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Showing posts from 2014

15 Minutes with Mr. Lau 與劉師父的對話

I finished dinner in Causeway Bay and hailed a taxi outside the Excelsior Hotel. The driver was a middle-aged man with grizzled hair and a penchant for small talk. Small talk is not my thing, much less with a stranger at the end of a long day. As I was disentangling my earphones to signal my desire for a quiet ride, the driver said something that piqued my interest.

“Look at this mess,” he complained, pointing at the snarled traffic on Gloucester Road. “We had 79 days of heaven and now we are back in hell.”
I wasn’t sure if I had heard him right. My impression was like everyone else’s – that taxi drivers were upset with the Umbrella Movement because thoroughfares like Harcourt Road and Nathan Road were occupied. And for those who are in the business of moving people around, blocked streets mean bad business.
“How do you mean?” I probed, glancing at his ID on the dashboard. His name was Lau.
“I mean business was much better during the protests,” Mr. Lau declared.
“I was told your inco…

Mobile Occupy 流動佔領

There is no question that Hong Kong people love to shop; that’s why they call the city a shoppers’ paradise. This past week, citizens took our national sport to a whole new level. Gouwu (購物) – which means shopping in Mandarin – has become the rallying cry for pro-democracy protesters to call on one another to visit busy shopping streets in large numbers to overrun the area. The goal is to get even with the police for aiding and abetting the clearance operation in Mongkok last week. These shopaholics were hard at work in Kowloon even during Sunday’s violent clashes outside the Government Headquarters on the other side of the harbor. They have also found unlikely allies in the United States, where citizens have been staging “die-ins” at shopping malls and train stations by playing dead on the floor in protest of the fatal police shooting of an unarmed teenager in Ferguson, Missouri.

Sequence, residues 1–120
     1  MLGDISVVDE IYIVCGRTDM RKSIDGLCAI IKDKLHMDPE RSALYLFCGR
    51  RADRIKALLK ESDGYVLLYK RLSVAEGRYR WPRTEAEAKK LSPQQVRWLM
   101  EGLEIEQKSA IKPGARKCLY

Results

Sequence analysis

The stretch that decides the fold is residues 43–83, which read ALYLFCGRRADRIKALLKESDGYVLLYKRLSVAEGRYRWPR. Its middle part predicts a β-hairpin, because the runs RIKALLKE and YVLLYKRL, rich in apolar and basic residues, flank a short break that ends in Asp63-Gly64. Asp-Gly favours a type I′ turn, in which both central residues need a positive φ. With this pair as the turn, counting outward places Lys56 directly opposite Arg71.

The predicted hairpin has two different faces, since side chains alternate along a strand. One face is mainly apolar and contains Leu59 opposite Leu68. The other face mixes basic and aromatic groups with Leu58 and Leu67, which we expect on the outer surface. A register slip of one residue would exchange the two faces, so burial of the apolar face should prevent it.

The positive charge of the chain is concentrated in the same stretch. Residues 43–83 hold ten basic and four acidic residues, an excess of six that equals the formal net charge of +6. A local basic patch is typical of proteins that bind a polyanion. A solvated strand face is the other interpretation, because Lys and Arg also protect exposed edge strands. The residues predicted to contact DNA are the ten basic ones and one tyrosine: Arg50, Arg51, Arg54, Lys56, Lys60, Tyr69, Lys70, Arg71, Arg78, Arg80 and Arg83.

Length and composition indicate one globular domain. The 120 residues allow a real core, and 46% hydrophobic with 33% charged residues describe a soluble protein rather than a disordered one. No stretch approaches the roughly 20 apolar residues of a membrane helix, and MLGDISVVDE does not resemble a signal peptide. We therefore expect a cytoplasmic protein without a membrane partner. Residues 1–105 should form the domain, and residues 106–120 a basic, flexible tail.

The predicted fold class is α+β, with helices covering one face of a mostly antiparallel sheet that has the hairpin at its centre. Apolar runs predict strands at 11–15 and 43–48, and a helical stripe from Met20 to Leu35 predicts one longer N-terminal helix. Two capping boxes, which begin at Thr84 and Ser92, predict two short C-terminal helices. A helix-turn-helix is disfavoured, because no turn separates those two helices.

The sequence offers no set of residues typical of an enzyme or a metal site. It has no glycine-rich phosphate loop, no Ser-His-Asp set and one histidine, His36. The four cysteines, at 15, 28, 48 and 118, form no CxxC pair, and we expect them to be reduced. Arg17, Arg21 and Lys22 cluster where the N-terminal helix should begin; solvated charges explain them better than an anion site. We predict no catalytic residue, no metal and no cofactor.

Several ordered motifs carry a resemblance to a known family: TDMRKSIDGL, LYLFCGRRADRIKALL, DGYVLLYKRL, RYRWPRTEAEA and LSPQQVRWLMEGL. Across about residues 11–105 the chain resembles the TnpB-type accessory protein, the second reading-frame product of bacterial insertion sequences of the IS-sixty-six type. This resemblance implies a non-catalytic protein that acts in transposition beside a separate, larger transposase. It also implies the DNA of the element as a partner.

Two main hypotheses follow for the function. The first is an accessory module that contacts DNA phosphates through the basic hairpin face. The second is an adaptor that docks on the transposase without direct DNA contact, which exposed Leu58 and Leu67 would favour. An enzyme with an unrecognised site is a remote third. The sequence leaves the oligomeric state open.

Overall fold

Mongkok, or MK for short, is a rough neighborhood on a good day, a cross between Harajuku in Tokyo and t…

A Season of Discontent 不滿的季節

On 28 October, the one-month anniversary of the Umbrella Revolution, tens of thousands of citizens assembled at protest sites on both sides of the harbor. At precisely 5:58 pm, they opened their umbrellas in unison and turned the sea of people into a tsunami of colorful blossoms. The congregation then observed 87 seconds of silence, one for each shot of tear gas fired at protestors on that fateful day. It was “the day that changed everything,” the day by which we would forever divide our history: before and after 9/28.